Beach clubs, going to ruins, restaurants, out for drinks.

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3. Is this a good city for single people? For couples? For families? Why or why not?

Yes for couples and families. Good for singles who don't mind a quiet consulate community social life. There's plenty to do locally for all. This is a tourist mecca for a reason.

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4. Is it easy to make friends with locals here? Are there any prejudices or any ethnic groups who might feel uncomfortable here?

Because of COVID, it's hard to say, but I think the answer is yes if your Spanish is good enough. I can't think of any prejudices that would make anyone uncomfortable; it's a multicultural place, and there are a lot of tourists here.

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5. Is this a good city for LGBT expatriates? Why or why not?

Yes. I know multiple LGBT people at post now or previously, and all have had a good experience. Yucatecans are extremely pleasant and polite people, and while they are religious, there doesn't seem to be any problem with LGBT prejudice that I can see. I don't know what the dating scene is like though (the people I know were coupled).

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6. Are there problems with ethnic, race/racial minorities or religious prejudices? Gender equality?

I don't think so. I have not observed any of the street sexism that can make some regional posts uncomfortable for women. Most people are Catholic, but very tolerant of other religions and possibly curious.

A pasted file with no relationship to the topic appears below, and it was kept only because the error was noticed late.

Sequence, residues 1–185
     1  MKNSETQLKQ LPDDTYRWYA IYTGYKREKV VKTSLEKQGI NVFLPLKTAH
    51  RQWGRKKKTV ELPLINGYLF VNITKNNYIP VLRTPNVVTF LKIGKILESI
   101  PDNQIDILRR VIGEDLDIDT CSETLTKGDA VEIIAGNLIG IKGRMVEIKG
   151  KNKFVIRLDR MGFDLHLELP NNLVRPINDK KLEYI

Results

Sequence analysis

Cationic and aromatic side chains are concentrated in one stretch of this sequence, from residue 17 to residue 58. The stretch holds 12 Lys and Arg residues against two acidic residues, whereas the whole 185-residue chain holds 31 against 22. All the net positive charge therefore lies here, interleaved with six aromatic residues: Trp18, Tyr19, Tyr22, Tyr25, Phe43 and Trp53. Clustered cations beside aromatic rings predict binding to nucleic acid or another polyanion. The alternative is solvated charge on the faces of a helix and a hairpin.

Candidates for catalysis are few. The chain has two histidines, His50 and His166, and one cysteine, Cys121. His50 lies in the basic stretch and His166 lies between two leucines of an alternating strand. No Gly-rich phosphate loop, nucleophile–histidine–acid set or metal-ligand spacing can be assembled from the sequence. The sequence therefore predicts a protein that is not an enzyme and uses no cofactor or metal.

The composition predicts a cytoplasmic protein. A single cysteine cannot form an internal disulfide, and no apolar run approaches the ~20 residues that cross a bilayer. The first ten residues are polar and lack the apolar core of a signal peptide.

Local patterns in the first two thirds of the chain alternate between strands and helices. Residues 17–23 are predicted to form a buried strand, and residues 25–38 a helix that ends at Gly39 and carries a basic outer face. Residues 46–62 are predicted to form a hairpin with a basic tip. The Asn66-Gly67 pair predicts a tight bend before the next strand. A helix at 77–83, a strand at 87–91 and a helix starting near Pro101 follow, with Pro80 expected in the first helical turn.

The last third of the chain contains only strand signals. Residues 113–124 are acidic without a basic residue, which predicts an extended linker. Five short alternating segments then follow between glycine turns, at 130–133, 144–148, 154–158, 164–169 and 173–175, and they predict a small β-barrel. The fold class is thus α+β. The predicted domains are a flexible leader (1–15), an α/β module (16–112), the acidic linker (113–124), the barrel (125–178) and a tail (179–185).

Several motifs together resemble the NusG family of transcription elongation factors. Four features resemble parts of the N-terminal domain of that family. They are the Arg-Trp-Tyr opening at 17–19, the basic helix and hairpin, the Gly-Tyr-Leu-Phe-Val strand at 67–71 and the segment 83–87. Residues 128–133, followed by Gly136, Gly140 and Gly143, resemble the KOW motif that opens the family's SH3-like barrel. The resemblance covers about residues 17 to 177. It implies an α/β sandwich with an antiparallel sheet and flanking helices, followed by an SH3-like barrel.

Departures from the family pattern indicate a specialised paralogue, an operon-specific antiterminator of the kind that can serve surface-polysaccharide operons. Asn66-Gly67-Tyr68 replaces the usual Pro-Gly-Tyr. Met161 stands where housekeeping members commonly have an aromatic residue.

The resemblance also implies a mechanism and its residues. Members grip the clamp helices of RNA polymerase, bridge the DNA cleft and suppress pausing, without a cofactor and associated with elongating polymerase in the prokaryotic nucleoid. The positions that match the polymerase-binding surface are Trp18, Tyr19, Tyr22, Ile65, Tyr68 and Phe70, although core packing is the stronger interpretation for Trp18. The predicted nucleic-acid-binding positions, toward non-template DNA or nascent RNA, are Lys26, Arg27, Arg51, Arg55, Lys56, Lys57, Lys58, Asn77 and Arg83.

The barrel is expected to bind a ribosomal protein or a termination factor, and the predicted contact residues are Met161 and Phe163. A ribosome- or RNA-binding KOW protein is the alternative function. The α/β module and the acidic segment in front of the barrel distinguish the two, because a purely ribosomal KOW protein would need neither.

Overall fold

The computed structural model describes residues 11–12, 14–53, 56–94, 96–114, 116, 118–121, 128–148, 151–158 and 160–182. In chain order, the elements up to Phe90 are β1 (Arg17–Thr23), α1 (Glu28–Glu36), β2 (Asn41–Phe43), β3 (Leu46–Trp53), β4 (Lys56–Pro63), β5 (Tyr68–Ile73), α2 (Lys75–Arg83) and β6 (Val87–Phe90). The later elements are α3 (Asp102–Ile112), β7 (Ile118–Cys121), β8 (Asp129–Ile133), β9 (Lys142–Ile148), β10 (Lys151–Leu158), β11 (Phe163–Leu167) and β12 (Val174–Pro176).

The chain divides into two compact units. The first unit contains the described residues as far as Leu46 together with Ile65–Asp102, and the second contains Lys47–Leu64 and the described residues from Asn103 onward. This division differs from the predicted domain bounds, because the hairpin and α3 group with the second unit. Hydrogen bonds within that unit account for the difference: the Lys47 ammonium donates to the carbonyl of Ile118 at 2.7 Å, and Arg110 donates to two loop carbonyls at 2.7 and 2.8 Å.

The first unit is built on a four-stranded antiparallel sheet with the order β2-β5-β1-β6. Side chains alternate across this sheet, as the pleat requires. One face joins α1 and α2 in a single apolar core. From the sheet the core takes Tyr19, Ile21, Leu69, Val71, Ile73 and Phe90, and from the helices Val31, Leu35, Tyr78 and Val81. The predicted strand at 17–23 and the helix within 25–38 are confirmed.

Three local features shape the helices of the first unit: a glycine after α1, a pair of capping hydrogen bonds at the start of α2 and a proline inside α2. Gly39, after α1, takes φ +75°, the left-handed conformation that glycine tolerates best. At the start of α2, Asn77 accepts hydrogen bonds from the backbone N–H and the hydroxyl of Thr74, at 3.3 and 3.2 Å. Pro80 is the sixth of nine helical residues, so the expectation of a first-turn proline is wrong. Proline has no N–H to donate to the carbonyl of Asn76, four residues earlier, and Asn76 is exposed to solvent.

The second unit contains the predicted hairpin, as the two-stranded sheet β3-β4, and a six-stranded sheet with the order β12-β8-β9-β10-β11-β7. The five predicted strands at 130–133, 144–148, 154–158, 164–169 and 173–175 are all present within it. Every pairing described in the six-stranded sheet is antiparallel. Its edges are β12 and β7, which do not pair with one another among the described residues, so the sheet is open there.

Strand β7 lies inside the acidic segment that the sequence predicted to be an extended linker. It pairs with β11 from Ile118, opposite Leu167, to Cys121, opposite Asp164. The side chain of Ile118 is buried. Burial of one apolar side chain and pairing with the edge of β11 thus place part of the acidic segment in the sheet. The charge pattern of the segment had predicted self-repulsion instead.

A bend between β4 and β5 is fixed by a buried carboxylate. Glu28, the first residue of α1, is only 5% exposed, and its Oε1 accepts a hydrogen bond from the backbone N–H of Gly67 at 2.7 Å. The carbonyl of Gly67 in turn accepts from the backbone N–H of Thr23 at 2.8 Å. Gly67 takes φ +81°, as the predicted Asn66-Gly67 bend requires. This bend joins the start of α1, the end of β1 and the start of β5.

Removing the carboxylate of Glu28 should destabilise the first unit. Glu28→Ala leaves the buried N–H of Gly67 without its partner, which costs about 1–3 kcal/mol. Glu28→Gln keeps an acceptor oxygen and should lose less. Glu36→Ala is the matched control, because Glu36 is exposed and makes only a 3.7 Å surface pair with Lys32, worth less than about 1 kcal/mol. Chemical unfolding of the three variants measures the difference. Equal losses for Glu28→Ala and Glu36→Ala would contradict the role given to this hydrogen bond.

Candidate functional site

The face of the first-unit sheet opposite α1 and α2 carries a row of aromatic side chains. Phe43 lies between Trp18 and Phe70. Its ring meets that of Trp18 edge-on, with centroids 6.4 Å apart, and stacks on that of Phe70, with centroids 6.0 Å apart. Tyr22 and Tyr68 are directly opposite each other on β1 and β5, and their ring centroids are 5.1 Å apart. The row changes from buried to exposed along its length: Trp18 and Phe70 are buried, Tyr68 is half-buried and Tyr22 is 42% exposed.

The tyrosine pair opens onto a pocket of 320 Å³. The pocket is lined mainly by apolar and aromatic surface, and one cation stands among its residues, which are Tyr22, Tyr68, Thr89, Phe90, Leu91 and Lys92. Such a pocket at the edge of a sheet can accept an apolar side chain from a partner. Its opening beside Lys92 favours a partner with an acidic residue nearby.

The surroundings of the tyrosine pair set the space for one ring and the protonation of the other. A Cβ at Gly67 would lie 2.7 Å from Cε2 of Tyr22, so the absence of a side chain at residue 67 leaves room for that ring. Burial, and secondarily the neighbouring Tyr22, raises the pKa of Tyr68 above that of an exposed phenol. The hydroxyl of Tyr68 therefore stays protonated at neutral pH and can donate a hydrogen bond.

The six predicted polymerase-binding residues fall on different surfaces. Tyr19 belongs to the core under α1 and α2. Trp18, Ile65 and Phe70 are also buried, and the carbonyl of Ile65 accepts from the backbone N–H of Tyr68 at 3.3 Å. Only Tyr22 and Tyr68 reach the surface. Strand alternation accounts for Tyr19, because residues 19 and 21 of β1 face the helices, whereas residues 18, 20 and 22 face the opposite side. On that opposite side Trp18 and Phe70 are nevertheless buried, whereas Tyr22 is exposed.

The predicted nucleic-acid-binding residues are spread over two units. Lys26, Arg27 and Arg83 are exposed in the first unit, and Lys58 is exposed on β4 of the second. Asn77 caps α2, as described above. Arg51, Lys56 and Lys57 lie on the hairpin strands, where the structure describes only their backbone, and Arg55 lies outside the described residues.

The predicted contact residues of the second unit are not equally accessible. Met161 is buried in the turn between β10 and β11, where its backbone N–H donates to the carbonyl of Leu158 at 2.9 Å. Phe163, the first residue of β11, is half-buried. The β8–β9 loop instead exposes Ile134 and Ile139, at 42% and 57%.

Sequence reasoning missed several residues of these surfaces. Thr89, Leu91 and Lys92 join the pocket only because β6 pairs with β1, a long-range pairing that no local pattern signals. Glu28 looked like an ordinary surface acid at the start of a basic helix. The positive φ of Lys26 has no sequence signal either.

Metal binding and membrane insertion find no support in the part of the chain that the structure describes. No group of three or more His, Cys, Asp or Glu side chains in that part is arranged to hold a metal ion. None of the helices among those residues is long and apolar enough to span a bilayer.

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7. What have been the highlights of your time in this country? Best trips or experiences?

Cenotes, ruins, beaches. Very good food. This is a place where a ton of guidebook top experiences are within an hour or two drive. Almost everything is outdoors, so it's a great COVID post.

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8. What are some interesting/fun things to do in the area? Can you recommend any “hidden gems"?

My favorite weekend trip is Valladolid, Ek Balam, and the Palomitas/Agua Dolce cenote.

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9. Is this a "shopping post"? Are there interesting handicrafts, artwork, antiques, or other items that people typically buy there?

There is embroidery and textiles, including hammocks. There's also some lovely wooden furniture.

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10. What are the particular advantages of living in this city?

It's a small city with a compact colonial era core, great food, culture (dance, music, art) and a ton of swimming at beaches and cenotes very nearby. It's a beautiful place full of easygoing, kind people. It's cheap compared to the U.S.

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Words of Wisdom:

1. What do you wish you had known about this particular city/country before moving there?

Post is SO small.

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2. Knowing what you know now, would you still move to this city?

100% yes. This place is a real gem.

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3. If you move here, you can leave behind your:

Coats, sweaters, and boots.

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4. But don't forget your:

Sunscreen and bathing suit.

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5. Do you recommend any books or movies about this city/country for those who are interested in learning more?

For people with kids, Mexico Cassie's Yucatan guidebook.